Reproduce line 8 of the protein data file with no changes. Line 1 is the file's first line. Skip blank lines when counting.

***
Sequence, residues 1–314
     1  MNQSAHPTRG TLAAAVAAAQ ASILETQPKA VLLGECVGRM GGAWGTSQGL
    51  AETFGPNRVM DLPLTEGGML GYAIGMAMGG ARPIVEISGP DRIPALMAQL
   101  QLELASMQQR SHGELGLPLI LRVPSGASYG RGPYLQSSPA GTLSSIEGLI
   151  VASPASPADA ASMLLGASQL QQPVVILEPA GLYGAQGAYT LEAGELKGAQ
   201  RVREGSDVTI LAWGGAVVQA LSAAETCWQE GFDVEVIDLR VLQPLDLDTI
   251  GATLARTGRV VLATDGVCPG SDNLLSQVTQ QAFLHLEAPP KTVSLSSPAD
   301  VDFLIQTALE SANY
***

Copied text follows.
   301  VDFLIQTALE SANY